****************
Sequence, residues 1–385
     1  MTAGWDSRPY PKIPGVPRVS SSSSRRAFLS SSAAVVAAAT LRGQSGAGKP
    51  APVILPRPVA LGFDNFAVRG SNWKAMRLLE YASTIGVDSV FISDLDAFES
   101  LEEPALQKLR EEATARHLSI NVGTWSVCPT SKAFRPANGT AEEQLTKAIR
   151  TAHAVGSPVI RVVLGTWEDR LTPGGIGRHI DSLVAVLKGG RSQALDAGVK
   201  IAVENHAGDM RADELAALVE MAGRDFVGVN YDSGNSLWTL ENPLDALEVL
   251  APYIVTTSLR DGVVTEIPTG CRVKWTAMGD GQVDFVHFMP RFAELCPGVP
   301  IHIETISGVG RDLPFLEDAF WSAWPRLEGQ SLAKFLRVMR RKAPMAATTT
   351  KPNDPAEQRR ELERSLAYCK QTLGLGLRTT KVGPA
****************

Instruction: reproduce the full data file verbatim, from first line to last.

Sequence, residues 1–385
     1  MTAGWDSRPY PKIPGVPRVS SSSSRRAFLS SSAAVVAAAT LRGQSGAGKP
    51  APVILPRPVA LGFDNFAVRG SNWKAMRLLE YASTIGVDSV FISDLDAFES
   101  LEEPALQKLR EEATARHLSI NVGTWSVCPT SKAFRPANGT AEEQLTKAIR
   151  TAHAVGSPVI RVVLGTWEDR LTPGGIGRHI DSLVAVLKGG RSQALDAGVK
   201  IAVENHAGDM RADELAALVE MAGRDFVGVN YDSGNSLWTL ENPLDALEVL
   251  APYIVTTSLR DGVVTEIPTG CRVKWTAMGD GQVDFVHFMP RFAELCPGVP
   301  IHIETISGVG RDLPFLEDAF WSAWPRLEGQ SLAKFLRVMR RKAPMAATTT
   351  KPNDPAEQRR ELERSLAYCK QTLGLGLRTT KVGPA